Monday, 29 December 2014

Are votes at 16 the limit of Welsh Devolution?



I really despair of some of our Welsh politician

Take former LibDem AM Jenny Randerson now Baroness Randerson and coalition Welsh Minister who writes on Subordinate Central in a post entitled "Let’s get on with using Wales’ powers."

Who would have guessed at the start of 2014 that it would turn out to be the year when devolution and constitutional change were suddenly topics for discussion in pubs and living rooms across Britain and no longer the preserve of the political classes.
Well anyone who paid attention to the fact that there was going to be a Scottish Independence referendum for a start.  

But how does this senior member of the LibDems who claim to be a Federal Party thinks this affects Wales?
As a Liberal Democrat I am an enthusiast for devolution and I have found the last three months invigorating because I am now knocking at an open door on many issues which have previously been off the agenda for Wales.
I am working as part of the Wales Office Ministerial Team to ensure we have a firm set of plans to announce on St David’s Day: plans on which there is a consensus to build a framework for a stronger model of devolution.
However, beyond St David’s Day there is the General Election and all parties in Wales will surely include their vision for the future of the Assembly in their manifestos.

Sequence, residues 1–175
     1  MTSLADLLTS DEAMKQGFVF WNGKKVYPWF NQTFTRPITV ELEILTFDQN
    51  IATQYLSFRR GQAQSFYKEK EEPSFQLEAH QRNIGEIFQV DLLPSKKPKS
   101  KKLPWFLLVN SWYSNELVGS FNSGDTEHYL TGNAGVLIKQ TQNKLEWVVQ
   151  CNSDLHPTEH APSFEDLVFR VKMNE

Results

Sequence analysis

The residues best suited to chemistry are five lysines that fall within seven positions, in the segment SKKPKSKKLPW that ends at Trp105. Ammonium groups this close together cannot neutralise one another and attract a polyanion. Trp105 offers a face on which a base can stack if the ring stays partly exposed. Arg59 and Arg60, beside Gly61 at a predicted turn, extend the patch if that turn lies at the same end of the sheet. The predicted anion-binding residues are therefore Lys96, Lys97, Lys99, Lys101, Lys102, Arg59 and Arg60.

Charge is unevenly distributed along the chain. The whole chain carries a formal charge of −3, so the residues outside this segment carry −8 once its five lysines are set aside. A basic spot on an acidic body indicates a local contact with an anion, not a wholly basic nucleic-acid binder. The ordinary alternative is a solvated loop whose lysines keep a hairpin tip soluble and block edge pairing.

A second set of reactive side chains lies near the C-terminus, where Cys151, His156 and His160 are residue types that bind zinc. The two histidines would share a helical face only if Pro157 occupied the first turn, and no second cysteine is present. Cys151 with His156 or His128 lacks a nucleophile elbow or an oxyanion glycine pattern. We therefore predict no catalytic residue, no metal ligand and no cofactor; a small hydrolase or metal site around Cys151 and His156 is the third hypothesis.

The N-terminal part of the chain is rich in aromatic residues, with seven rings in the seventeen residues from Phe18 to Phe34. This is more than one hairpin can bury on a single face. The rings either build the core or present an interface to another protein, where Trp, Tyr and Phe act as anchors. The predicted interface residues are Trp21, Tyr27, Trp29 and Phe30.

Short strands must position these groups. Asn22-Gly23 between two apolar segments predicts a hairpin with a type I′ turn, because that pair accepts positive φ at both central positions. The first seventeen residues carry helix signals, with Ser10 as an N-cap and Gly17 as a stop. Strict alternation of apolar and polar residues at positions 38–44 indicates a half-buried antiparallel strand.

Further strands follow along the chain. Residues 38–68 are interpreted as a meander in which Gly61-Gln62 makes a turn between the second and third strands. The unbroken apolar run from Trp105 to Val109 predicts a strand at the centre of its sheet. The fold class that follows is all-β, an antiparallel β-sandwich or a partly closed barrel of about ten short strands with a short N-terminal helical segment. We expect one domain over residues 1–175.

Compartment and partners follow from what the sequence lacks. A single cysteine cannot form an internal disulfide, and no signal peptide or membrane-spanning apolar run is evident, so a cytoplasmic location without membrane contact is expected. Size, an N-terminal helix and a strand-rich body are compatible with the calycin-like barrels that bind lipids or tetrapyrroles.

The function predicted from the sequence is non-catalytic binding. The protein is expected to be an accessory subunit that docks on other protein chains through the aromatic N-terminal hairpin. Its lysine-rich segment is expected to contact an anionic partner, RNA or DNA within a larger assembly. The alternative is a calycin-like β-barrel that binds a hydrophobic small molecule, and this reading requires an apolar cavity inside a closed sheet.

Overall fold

It is time to move on from the shopping list approach to devolution and for parties to start to explain what they want to do with the new powers they demand. It is not enough to say “we want powers over policing” for example.
Electors need to know why those powers are needed and what each party would do with them if they are devolved. Only then will voters be able to judge the contrasting vision of Wales offered by politicians.
So what is on my wish list for 2015? Above all we need to reinvigorate our democracy and I believe one important step to that would be to give sixteen year olds the vote in Assembly elections.
I was delighted to introduce a Government amendment to the Wales Bill giving the Assembly the power to decide on the voting age for the income tax referendum they can now hold.
That is a useful start but the Scottish Referendum showed us that young people can be inspired by politics and are just as able to make reasoned decisions on how to vote as their older relatives.
I have campaigned for votes at sixteen over many decades and I have always been worried by the lack of self-confidence some young people show on the issue. Many are fearful of making a mistake – as if older people always get it right. Or they think the actual voting process is complex. All these fears can be easily overcome with a modicum of political education.
So is that what we can expect from the LibDems reducing the voting Age to 16 something I agree with but if we are to do so lets give the 16+ electors something to vote for.Note that she doesn't seem to think any idea of parity with Scotland should be given to Wales.


"It is time to move on from the shopping list approach to devolution and for parties to start to explain what they want to do with the new powers they demand. It is not enough to say “we want powers over policing” for example."

You could still ask the question "What does Westminster want the powers for ? 

If support for lowering the voting age is all we can expect from the "Federal" Liberal Democrats and the  refrain "Let’s get on with using Wales’ powers." then I can see no reason for anyone who wants to see the Assembly making a difference. supporting them.

Or are we so pathetic a nation that believes devolution is about raising our own Taxes but still have to turn to our older and wiser masters in London who believe we can't be trusted to have the same powers as Scotland?


No comments:

Post a Comment